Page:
In anticipation of future endurance rides (or possibly even credit card touring) that I'd like to try, and because common knowledge is that a full sus MTB wouldn't be the ideal bike for that, I bought an used '90s rigid MTB to modify for the purpose.

Sure, its 52mm tires and the said plushy sprung saddle which I mounted on it, make it certainly more comfortable than un upright city bike (or a road bike), and yet the full sus MTB is noticeably more comfortable.

Infact, the asphalt where I live is definitely not in good conditions. Moreover, with the full sus I can steamroll over the many speedbumps I cross.

"Duh! Of course a full sus is more comfortable than a rigid!", you are thinking. Yeah, I know. I was just wondering if there's some of you who only rides suspended bikes, with at least a suspension fork, and maybe a sprung saddle. Especially for long distance riding. I know that almost all "advanced amateurs" cyclists ride rigid bikes even for long distance riding, and I wonder how they do it. I would probably be knackered if I'd try that.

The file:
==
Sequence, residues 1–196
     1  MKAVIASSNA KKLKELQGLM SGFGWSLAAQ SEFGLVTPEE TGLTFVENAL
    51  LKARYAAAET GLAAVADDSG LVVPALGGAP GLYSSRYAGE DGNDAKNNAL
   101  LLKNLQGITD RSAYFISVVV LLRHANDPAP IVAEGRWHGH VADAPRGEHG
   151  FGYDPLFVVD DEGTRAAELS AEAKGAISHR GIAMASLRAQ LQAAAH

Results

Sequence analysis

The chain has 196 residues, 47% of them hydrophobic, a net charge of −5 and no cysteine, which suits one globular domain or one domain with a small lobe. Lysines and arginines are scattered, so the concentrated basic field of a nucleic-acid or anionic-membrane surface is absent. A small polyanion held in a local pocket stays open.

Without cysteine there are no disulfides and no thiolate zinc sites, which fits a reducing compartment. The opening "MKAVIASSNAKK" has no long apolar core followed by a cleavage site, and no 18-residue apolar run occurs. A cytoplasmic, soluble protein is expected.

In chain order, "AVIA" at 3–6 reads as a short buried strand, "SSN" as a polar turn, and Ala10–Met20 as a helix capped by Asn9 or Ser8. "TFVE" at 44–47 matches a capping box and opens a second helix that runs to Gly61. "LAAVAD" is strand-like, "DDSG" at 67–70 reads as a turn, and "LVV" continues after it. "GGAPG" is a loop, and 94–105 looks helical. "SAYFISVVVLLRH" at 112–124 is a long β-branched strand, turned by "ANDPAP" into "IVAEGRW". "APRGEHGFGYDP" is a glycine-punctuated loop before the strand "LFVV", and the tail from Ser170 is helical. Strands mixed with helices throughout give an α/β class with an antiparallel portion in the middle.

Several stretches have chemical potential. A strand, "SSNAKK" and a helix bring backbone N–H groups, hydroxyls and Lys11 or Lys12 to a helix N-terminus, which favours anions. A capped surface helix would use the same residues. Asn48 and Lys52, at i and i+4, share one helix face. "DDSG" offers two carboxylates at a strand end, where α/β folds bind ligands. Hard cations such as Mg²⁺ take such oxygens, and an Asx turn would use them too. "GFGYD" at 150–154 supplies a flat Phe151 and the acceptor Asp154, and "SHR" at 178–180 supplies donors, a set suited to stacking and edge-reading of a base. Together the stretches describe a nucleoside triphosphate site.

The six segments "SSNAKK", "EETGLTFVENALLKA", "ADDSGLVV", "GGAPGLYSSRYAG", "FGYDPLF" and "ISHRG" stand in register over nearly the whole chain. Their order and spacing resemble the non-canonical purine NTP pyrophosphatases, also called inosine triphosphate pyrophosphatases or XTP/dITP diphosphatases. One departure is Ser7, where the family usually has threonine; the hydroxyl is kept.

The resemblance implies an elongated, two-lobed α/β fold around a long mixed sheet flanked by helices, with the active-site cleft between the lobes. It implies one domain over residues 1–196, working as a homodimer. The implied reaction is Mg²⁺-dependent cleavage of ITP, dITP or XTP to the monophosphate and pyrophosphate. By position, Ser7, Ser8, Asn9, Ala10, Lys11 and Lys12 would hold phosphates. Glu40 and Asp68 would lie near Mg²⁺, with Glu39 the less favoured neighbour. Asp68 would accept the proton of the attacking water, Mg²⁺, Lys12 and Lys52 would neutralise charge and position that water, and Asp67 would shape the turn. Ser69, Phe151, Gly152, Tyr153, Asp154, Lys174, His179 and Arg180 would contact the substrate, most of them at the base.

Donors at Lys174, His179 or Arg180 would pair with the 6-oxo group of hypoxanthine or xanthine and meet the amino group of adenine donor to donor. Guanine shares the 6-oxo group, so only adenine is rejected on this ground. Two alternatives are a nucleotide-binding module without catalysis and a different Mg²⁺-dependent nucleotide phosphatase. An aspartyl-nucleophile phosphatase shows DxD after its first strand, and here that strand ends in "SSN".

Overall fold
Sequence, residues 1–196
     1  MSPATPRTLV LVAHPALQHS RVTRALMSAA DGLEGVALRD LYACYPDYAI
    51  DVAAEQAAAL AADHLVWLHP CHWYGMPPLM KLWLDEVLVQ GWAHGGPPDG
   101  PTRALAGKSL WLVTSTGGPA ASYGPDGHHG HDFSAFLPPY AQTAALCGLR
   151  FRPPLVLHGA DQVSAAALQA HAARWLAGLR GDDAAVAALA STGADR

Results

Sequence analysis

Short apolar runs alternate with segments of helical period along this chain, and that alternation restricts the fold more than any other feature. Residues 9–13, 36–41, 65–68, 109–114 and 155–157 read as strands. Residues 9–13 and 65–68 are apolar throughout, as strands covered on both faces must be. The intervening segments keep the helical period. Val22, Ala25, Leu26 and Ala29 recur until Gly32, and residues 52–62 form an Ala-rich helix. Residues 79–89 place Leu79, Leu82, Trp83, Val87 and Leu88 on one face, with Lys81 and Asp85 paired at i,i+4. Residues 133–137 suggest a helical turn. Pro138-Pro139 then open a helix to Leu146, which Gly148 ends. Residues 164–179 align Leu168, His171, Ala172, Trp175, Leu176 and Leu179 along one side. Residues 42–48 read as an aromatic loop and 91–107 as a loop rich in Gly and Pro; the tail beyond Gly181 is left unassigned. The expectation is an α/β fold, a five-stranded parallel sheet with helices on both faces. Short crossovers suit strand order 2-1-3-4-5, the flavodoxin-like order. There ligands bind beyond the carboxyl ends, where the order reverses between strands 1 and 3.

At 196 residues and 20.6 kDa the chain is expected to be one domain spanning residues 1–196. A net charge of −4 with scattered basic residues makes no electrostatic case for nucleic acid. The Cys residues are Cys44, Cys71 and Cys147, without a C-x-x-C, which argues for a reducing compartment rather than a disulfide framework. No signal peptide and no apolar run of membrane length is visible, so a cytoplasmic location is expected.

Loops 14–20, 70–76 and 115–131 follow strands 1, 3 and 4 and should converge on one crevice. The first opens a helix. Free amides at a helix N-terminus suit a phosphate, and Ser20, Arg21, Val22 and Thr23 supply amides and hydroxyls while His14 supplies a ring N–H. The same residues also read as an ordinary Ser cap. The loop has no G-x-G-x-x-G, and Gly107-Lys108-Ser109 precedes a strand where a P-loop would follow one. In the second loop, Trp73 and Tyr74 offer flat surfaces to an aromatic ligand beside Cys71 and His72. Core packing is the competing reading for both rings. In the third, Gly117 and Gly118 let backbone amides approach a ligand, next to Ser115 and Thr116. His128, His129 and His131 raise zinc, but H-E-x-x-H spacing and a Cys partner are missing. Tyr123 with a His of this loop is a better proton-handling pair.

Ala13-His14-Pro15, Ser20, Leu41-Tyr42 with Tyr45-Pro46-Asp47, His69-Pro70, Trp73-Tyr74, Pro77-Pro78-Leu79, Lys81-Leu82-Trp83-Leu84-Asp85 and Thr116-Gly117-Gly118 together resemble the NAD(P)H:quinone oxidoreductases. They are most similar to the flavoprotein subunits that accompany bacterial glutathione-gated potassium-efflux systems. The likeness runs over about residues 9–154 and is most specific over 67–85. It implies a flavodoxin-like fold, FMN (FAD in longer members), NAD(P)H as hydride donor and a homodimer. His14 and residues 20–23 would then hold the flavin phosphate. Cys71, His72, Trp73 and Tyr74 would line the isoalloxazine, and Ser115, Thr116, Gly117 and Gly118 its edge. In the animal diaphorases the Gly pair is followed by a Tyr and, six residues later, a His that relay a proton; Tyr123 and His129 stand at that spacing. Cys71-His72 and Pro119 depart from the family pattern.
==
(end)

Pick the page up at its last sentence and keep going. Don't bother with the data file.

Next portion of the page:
Last edited by CAT7RDR; 08-12-22 at 01:07 PM.
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Old 08-12-22, 01:04 PM
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Originally Posted by Murmur1979
I'm pretty sure a sprung saddle makes things a bit more comfortable when encountering an UNSEEN pothole.
A hundred-dollar solution to a ten-cent problem.
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Old 08-12-22, 01:19 PM
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Originally Posted by Murmur1979
For the last dozen years or so, I've almost exclusively ridden a cheapo (129 EUR / USD) full suspended MTB, on which I mounted a plushy sprung saddle and slick 42mm tires.

In anticipation of future endurance rides (or possibly even credit card touring) that I'd like to try, and because common knowledge is that a full sus MTB wouldn't be the ideal bike for that, I bought an used '90s rigid MTB to modify for the purpose.

Sure, its 52mm tires and the said plushy sprung saddle which I mounted on it, make it certainly more comfortable than un upright city bike (or a road bike), and yet the full sus MTB is noticeably more comfortable.